Mount Spurr activity Information Statement July 3, 2024

Summary of Current Activity

New observations of a small lake in the summit crater of Mount Spurr support recent seismic and deformation data that indicate a possible minor intrusion of magma has occurred beneath the volcano over the last several months. While the formation of the lake is new, gas emissions remain low and seismic activity is declining, suggesting the probability of an eruption in the near future has not significantly increased. No surface changes have been observed at Crater Peak, the vent 2 miles (3 km) south of the summit associated with all historical eruptions.

The lake first appeared between May 15 and June 15, and was well documented during a June 23 overflight (see photo below) when it had an area of about 1 acre (3800 square meters). The last time a crater lake formed at the summit of Mount Spurr was during seismic unrest in 2004 that did not lead to an eruption.

Crater lake visible at the summit of Mount Spurr, along with degassing fumaroles on the lake shore.

The June 23 overflight also monitored gas emissions from the volcano and detected low levels of sulfur dioxide and carbon dioxide. The measured compositions are similar to background levels measured in previous years. Deep intrusion of magma is sometimes associated with anomalously high volcanic carbon dioxide emissions, but no such anomaly was detected during the overflight.

Seismic activity beneath Mount Spurr has been above normal levels since spring 2024, but starting on May 20, the degree of seismic unrest has declined and remains slightly elevated (see figure below). The occurrence of deeper (>12.4 miles or 20 km) low frequency earthquakes has been above background levels since spring 2024. A small amount of deformation, consistent with a shallow (less than 3 miles or 5 km depth) source of inflation, has been observed in GNSS data. Similar to the earthquake activity, the rate of deformation appears to be decreasing.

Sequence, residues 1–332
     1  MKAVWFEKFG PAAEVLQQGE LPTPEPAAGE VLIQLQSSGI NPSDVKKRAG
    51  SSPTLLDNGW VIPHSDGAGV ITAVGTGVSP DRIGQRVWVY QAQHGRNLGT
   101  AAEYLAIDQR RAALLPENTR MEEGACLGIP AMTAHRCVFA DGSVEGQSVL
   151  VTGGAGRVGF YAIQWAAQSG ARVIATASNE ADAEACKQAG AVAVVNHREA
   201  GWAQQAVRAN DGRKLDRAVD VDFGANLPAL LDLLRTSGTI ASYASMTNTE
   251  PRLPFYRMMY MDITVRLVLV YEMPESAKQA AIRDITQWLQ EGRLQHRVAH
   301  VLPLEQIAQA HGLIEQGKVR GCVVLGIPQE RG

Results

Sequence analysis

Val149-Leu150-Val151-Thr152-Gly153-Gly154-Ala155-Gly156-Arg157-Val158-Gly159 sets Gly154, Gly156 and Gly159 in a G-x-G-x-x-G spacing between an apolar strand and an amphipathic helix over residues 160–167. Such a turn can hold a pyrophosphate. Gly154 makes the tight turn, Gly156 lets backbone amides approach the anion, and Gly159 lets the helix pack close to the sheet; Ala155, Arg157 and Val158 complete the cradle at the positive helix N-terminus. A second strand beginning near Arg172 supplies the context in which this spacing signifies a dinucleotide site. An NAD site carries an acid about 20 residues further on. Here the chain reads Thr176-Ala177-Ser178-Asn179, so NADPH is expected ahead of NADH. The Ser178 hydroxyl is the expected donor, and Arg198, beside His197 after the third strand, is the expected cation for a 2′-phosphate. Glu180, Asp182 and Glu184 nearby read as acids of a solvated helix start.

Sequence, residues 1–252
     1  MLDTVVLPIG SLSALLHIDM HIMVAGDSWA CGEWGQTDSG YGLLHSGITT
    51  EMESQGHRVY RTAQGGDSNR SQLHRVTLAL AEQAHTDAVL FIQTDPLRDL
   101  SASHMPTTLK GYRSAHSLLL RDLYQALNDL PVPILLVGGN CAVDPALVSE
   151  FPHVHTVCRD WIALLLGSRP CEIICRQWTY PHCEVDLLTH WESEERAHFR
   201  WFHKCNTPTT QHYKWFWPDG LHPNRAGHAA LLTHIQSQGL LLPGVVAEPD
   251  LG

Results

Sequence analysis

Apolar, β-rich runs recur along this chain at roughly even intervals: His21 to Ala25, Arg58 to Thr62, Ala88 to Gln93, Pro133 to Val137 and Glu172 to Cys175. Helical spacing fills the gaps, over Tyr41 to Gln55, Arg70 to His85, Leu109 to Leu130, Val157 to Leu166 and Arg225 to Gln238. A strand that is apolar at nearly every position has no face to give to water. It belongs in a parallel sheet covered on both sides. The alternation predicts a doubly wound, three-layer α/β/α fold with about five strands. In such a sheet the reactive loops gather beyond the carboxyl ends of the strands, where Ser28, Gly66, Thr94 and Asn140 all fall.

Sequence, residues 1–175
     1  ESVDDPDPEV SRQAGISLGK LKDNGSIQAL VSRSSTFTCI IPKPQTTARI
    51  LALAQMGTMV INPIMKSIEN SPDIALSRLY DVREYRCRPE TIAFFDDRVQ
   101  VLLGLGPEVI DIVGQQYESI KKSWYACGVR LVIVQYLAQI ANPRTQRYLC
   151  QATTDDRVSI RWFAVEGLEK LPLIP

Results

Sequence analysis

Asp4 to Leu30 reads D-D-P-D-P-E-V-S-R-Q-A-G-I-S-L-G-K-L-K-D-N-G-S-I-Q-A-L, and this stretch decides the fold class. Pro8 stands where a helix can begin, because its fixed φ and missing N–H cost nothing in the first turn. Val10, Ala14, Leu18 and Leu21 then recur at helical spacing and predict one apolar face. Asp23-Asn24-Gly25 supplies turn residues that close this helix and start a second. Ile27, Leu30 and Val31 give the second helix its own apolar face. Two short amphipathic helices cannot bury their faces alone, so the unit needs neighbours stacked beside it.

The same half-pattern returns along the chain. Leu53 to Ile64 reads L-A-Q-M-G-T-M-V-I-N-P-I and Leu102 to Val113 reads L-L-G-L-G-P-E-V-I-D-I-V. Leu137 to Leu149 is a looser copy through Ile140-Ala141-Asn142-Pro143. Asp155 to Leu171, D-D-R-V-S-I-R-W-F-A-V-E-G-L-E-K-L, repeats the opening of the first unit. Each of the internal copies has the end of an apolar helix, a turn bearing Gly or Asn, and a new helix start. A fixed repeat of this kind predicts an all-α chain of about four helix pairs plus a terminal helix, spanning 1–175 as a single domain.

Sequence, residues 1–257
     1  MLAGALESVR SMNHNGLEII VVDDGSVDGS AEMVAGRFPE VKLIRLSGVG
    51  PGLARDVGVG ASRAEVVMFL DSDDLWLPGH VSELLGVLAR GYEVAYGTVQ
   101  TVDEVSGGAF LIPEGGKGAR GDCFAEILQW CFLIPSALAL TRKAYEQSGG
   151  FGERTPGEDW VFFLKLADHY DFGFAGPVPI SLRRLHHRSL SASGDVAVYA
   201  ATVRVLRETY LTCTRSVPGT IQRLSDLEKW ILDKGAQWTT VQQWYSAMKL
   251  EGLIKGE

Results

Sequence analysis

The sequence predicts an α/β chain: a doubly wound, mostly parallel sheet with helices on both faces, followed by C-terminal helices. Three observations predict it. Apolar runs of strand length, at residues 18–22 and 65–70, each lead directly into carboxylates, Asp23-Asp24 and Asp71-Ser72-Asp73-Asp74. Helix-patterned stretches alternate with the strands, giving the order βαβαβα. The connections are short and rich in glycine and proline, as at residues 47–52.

Earthquakes located under Mount Spurr, Alaska from January 1, 2023 to July 2, 2024. The top panel shows earthquake depths through time and the bottom panel shows earthquakes per day. The size of the circles in the top panel reflects the magnitude of the earthquakes as shown in the legend. An increase in the amount and occurrence of deep low frequency earthquakes began in April 2024, the overall rate of earthquakes has decreased the past few weeks. A seismic network outage in early 2024 limited AVO's ability to locate earthquakes. The increase in earthquakes in summer 2023 is related to nearby glaciers and not associated with volcanic activity.

Monitoring Status

Mount Spurr is monitored by a local seismic network, GPS and infrasound sensors, and a webcam. Remote sensing data including satellite imagery, regional infrasound sensors, and lightning data are also used to detect potential eruptions at the volcano.


Mount Spurr volcano is an ice- and snow-covered stratovolcano located on the west side of Cook Inlet approximately 75 miles (120 km) west of Anchorage. The only known historical eruptions occurred in 1953 and 1992 from the Crater Peak flank vent located 2 miles (3.5 km) south of the summit of Mount Spurr. These eruptions were brief, explosive, and produced columns of ash that rose up to 65,000 feet (20 km)above sea level and deposited minor ashfall in south-central Alaska (up to ΒΌ inch or 6 mm). The last known eruption from the summit of Mount Spurr was more than 5,000 years ago. In 2004, Mount Spurr experienced an episode of increased seismicity, surface uplift, and heating that melted a large hole in the summit ice cap and generated debris flows. Primary hazards during future eruptions include far-traveled ash clouds, ash fall, pyroclastic flows, and lahars or mudflows that could inundate drainages all sides of the volcano, but primarily on the south and east flanks.